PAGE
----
The Tragedy of Vietnam is a brief and accessible text that provides comprehensive coverage of the causes and consequences of the Vietnam War. The book provides extensive background on the Vietnam War, the relevant history of Southeast Asia and the consequences of the Vietnam conflict on the region.
Author Patrick Hearden examines the key decisions and questions surroudning the tragic American entanglement in Vietnam, providing readers with a fascinating discussion of why the United States became involved in this war and why this involvement persisted for nearly a quarter of a century. This book covers the social, economic, ideological, diplomatic and military aspects of the Vietnam War.
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Patrick J. Hearden is the distinguished professor of diplomatic history emeritus at Purdue University. He has written extensively on American foreign policy, but he considers The Tragedy of Vietnam to be his greatest achievement in insight and synthesis on the subject. Hearden earned a Ph.D. degree in American History from the University of Wisconsin--Madison. He has written several books on American Foreign Relations including Roosevelt Confronts Hitler:America's Entry into World War II and Architects of Globalism: Building a New World Order during World War II. He has also edited Vietnam: Four American Perspectives. During his long and distinguished career, Hearden has specialized in teaching courses on American Foreign Affairs. His course on American in Vietnam was ranked as one of the ten most popular courses taught at Purdue University.Review:
Patrick Hearden’s The Tragedy of the Vietnam is arguably the best single short history of the Vietnam War. As a text, it is readable, fast-paced, well-organized, comprehensive and solidly researched. More than just a text, though, it is tied together by a challenging interpretation that requires critical rethinking about the causes and consequences of the Vietnam War.
- Thomas J. McCormick, Professor Emeritus of History, University of Wisconsin-Madison, U.S.A.
In The Tragedy of Vietnam, Patrick J. Heardon provides an interesting story of a people who fought for centuries to establish their own national identity and of the nations that tried to colonize or "civilize" them. In telling the story of Vietnam, Heardon argues compellingly that the tragedy of Vietnam was not just for the United States, who gave up the fight to save the Vietnamese people from communism, but also for the Vietnamese people, who got governance wrong.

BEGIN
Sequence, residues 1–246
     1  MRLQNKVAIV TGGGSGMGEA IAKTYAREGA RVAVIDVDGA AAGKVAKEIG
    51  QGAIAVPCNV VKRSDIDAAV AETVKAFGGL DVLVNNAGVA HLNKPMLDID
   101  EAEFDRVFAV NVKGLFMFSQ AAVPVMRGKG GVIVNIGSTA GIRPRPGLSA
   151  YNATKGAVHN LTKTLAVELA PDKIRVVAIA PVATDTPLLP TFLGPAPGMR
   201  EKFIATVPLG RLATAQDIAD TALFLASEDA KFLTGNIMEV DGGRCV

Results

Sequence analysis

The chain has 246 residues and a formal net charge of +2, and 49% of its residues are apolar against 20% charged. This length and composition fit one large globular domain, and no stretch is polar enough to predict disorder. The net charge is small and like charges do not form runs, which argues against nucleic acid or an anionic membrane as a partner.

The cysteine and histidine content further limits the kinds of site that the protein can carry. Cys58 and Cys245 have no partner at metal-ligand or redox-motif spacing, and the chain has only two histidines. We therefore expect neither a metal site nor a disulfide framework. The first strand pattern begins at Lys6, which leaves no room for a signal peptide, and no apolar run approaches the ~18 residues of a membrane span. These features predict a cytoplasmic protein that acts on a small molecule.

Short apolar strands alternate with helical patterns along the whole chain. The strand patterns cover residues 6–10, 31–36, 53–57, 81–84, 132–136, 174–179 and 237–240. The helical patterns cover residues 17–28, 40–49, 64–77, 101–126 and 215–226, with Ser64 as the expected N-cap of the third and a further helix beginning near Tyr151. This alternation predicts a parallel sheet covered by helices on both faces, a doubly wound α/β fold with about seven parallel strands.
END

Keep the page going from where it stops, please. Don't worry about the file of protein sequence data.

- M. Kathryn Barbier, Associate Professor of History, Mississippi State University, U.S.A.
What lessons did Americans learn from their Vietnam tragedy? Too few, judging from their endless post-2001 wars. Patrick Hearden's new edition superbly teaches these lessons for a 21st-century audience, and notably for college students. With clearly presented, up-to-date information, it is a pleasure to read. Each chapter's several striking, often declassified, documents beautifully illustrate major themes for both the well-informed reader or beginning student. This is an instructive. highly revealing synthesis of an American, as well as the Americans' "client state's," tragedy.
- Walter LaFeber, Professor Emeritus, Cornell University and author of America, Russia, and the Cold War
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Book Description Longman. PAPERBACK. Book Condition: New. 0321224507 Ships promptly. Bookseller Inventory # Z0321224507ZN
Book Description Longman, 2004. Paperback. Book Condition: New. book. Bookseller Inventory # M0321224507
Book Description Longman, 2004. Paperback. Book Condition: New. Never used!. Bookseller Inventory # P110321224507